Listen to the frustration – Find out what may be causing the anxiety.
Provide reassurance – Use calming phrases. Let the individual know you are there.
Involve the person in activities – Engage the person in art, music or other activities to distract him or her from anxiety and promote relaxation.
Modify the environment – Decrease noise and distractions or relocate the person.
Find outlets for energy – The person may be looking for something to do. Take a walk or go for a car ride.


A person with Alzheimer’s may not recognise familiar people, places or things. He or she may forget relationships, call family members by other names or become confused about where home is. The purpose of common items, such as a pen or fork may also be forgotten. These situations can be difficult for caregivers.
How to respond:
Stay calm – Not being recognised can be painful, but try not to make your hurt apparent.
Respond with a brief explanation – Don’t overwhelm the person with lengthy responses. Instead, clarify with a simple explanation.
Show photos and other reminders – Use photographs and other thought-provoking items to remind the person of important relationships and places.
Offer corrections as suggestions – Avoid explanations that sound like scolding. Try “I thought it was a fork,” or “I think he is your grandson Peter.”
Try not to take it personally – Alzheimer’s disease causes forgetfulness, but your support and understanding will continue to be appreciated.


A person with Alzheimer’s may do or say something over and over again — like repeating a word, question or activity. The person may also pace or undo what has just been done. In most cases, he or she is likely looking for comfort, security and familiarity. These actions are rarely harmful, but can be stressful for the caregiver.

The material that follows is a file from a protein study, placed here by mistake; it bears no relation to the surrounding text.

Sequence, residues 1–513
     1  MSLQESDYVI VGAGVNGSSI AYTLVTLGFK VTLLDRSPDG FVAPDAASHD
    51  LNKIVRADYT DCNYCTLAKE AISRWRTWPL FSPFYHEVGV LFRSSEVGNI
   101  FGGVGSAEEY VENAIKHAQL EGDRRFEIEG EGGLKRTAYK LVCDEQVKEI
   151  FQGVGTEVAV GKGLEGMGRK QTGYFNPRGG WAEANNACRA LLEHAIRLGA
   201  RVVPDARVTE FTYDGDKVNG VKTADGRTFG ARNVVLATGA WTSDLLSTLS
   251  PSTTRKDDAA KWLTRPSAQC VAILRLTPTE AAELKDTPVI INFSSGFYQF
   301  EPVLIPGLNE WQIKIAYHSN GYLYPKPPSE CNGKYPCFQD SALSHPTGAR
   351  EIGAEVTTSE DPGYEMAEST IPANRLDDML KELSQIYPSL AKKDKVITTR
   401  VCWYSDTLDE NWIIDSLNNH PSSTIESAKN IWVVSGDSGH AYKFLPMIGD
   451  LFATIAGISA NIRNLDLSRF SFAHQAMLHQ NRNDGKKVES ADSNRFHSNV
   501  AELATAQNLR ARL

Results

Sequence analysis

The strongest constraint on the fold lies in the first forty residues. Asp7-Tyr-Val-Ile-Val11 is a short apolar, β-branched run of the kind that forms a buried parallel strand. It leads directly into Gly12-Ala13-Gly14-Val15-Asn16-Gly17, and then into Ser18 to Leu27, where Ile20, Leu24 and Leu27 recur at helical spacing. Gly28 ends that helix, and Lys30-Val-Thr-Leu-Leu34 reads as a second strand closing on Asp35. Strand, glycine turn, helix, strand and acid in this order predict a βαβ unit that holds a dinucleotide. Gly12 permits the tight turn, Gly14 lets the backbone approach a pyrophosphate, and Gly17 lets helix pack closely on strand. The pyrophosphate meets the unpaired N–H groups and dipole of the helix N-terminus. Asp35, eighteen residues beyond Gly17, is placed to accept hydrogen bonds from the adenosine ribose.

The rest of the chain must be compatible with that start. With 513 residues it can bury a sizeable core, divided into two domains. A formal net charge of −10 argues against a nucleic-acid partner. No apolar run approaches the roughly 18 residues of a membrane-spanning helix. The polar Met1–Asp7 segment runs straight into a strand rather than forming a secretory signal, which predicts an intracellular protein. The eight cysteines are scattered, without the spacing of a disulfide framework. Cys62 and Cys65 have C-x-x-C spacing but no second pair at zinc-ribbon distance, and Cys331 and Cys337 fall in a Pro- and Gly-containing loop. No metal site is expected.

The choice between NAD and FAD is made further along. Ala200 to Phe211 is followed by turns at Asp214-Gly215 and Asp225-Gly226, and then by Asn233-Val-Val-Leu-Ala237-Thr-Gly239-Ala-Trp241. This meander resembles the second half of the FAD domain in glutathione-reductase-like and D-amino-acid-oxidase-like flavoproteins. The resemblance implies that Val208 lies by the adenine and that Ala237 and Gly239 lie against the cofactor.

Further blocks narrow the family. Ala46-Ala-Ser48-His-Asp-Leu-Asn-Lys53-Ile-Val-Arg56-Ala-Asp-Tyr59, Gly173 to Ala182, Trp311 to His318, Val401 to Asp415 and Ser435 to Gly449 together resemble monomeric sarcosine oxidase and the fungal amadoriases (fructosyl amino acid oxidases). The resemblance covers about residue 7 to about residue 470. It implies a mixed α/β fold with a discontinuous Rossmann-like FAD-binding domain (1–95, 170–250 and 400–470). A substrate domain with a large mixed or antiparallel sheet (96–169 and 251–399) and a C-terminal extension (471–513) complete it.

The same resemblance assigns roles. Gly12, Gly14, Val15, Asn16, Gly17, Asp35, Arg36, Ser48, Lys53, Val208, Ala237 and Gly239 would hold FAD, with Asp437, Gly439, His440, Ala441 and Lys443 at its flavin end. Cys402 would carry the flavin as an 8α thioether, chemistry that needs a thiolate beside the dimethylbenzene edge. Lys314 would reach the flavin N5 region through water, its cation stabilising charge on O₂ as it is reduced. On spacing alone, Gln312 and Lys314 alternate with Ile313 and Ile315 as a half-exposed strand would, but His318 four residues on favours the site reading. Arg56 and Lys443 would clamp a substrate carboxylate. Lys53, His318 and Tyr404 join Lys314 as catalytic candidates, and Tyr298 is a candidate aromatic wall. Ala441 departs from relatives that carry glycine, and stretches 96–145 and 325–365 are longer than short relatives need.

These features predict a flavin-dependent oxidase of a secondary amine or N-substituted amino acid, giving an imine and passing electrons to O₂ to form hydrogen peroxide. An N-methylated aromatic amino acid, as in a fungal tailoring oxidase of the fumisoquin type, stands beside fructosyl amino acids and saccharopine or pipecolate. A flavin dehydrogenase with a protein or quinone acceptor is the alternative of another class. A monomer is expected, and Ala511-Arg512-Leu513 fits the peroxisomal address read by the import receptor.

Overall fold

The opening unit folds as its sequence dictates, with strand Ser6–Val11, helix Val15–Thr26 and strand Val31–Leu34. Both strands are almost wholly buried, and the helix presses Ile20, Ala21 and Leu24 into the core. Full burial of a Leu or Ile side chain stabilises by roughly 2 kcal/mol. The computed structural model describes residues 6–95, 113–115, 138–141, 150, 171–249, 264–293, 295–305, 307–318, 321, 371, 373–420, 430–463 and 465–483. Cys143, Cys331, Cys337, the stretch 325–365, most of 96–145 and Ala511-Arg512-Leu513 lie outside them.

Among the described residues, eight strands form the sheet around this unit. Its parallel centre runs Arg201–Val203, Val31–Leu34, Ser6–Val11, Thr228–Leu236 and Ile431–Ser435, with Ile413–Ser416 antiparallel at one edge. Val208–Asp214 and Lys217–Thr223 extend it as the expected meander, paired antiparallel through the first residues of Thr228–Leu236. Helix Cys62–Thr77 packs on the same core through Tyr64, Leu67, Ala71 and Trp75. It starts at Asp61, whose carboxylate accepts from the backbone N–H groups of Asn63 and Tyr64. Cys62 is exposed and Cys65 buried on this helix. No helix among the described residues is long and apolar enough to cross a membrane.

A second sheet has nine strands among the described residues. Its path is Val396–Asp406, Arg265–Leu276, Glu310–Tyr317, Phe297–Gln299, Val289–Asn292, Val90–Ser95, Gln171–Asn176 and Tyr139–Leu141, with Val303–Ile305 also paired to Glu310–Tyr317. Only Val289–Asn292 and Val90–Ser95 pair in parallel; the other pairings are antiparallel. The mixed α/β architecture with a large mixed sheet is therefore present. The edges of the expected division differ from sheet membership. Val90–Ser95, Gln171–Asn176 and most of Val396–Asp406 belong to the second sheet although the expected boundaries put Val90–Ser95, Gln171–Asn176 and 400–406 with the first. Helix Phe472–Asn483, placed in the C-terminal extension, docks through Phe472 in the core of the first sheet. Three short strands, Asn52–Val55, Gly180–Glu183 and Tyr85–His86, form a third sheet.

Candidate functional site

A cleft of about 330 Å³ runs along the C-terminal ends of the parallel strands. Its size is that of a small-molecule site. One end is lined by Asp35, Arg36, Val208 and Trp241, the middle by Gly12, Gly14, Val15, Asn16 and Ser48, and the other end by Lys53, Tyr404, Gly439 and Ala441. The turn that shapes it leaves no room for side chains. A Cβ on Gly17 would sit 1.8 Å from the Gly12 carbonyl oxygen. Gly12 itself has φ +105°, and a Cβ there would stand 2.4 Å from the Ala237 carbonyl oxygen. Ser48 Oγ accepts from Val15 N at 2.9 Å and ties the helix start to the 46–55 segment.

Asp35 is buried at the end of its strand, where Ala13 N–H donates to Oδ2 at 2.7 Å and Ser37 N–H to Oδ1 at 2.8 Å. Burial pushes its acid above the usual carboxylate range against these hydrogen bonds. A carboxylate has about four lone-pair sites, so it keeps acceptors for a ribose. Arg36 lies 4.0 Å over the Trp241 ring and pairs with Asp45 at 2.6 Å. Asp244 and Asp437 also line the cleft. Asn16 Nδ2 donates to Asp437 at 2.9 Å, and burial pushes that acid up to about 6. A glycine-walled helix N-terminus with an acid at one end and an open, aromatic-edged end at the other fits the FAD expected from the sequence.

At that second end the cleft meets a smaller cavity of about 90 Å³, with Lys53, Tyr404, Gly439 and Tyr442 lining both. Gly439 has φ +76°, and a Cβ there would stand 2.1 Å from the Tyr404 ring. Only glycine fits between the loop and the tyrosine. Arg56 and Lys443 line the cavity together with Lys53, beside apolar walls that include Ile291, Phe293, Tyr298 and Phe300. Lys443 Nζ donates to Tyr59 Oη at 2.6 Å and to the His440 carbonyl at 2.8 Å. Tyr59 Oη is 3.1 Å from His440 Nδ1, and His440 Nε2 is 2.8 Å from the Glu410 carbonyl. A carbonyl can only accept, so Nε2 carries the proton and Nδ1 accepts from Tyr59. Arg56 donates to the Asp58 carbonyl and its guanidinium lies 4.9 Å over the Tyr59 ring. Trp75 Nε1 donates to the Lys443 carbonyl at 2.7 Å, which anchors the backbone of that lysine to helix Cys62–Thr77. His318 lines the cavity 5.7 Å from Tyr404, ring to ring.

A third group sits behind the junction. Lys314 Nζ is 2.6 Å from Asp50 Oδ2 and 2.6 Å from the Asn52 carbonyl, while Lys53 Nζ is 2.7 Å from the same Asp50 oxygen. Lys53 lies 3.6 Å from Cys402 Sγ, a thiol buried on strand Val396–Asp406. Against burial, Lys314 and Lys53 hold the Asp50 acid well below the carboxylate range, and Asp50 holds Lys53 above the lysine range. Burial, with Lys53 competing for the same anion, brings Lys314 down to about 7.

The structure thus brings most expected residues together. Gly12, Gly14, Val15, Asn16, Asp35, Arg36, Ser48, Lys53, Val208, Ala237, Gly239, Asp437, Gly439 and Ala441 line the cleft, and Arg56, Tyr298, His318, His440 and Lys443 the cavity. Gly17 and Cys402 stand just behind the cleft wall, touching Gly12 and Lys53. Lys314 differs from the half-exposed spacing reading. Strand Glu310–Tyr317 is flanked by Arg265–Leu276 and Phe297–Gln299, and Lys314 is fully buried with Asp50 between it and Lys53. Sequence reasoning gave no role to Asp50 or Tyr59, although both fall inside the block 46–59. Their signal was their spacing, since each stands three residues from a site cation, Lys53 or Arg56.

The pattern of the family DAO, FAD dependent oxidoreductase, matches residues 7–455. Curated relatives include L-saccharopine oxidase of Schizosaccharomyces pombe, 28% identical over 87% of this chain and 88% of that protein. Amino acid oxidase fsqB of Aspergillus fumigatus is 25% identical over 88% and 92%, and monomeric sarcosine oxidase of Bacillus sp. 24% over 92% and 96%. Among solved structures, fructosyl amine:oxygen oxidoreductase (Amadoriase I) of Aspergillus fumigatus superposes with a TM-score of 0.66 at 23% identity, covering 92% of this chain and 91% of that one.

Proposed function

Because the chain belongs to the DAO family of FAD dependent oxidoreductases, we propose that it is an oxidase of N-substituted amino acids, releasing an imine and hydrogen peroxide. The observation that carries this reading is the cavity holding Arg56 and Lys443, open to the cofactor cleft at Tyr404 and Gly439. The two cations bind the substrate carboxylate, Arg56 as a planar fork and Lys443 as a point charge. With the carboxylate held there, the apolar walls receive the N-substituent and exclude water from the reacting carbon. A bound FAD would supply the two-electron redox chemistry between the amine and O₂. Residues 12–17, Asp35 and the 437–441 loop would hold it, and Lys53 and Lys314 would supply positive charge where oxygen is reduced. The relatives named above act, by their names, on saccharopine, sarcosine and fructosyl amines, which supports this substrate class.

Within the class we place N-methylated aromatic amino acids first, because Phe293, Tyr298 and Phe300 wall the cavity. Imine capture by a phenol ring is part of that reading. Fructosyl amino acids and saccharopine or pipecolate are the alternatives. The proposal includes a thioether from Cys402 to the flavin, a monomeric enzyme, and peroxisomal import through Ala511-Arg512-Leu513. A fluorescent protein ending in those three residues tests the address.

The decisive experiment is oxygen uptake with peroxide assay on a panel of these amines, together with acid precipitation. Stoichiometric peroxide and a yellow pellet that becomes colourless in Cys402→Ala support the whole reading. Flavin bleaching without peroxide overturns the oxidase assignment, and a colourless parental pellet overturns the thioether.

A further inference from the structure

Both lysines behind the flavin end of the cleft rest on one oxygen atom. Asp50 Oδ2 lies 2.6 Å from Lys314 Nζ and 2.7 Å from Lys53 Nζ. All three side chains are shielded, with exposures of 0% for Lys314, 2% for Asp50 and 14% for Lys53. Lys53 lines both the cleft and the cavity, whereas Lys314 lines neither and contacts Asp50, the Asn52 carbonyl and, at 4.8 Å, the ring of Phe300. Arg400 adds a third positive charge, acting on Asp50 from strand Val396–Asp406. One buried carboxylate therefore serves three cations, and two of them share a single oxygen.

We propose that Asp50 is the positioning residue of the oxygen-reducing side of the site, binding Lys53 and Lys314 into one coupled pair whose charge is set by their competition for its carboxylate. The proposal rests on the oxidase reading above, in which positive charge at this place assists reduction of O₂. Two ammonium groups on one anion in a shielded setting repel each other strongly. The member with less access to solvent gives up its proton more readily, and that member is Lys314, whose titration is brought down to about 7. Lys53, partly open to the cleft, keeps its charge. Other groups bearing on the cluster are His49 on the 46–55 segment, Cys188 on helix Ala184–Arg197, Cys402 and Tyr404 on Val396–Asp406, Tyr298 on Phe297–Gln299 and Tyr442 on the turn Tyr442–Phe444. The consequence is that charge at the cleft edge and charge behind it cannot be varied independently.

How to respond:
Look for a reason – Try to find out if there is a specific cause or trigger for the repetitive behaviour.
Focus on the emotion– Rather than reacting to what the person is doing, respond to how he or she is feeling.
Turn the action or behaviour into an activity – If the person is rubbing his or her hand across the table, provide a cloth and ask for help with dusting.
Stay calm and be patient – Reassure the person with a calm voice and gentle touch.
Provide an answer– Give the person the answer that he or she is looking for, even if you have to repeat it several times. It may help to write it down and post it in a prominent location.
Engage the person in an activity – The individual may simply be bored and need a distraction. Engage the person in an activity like taking a walk or working on a puzzle.
Use memory aids – Offer reminders that are meaningful to the individual like notes, clocks, calendars or photographs.


Memory loss and confusion may cause a person with Alzheimer’s to perceive things in new and unusual ways. Individuals may become suspicious of those around them, even accusing others of theft, infidelity or other improper behaviour. Sometimes a person may misinterpret what he or she sees and hears.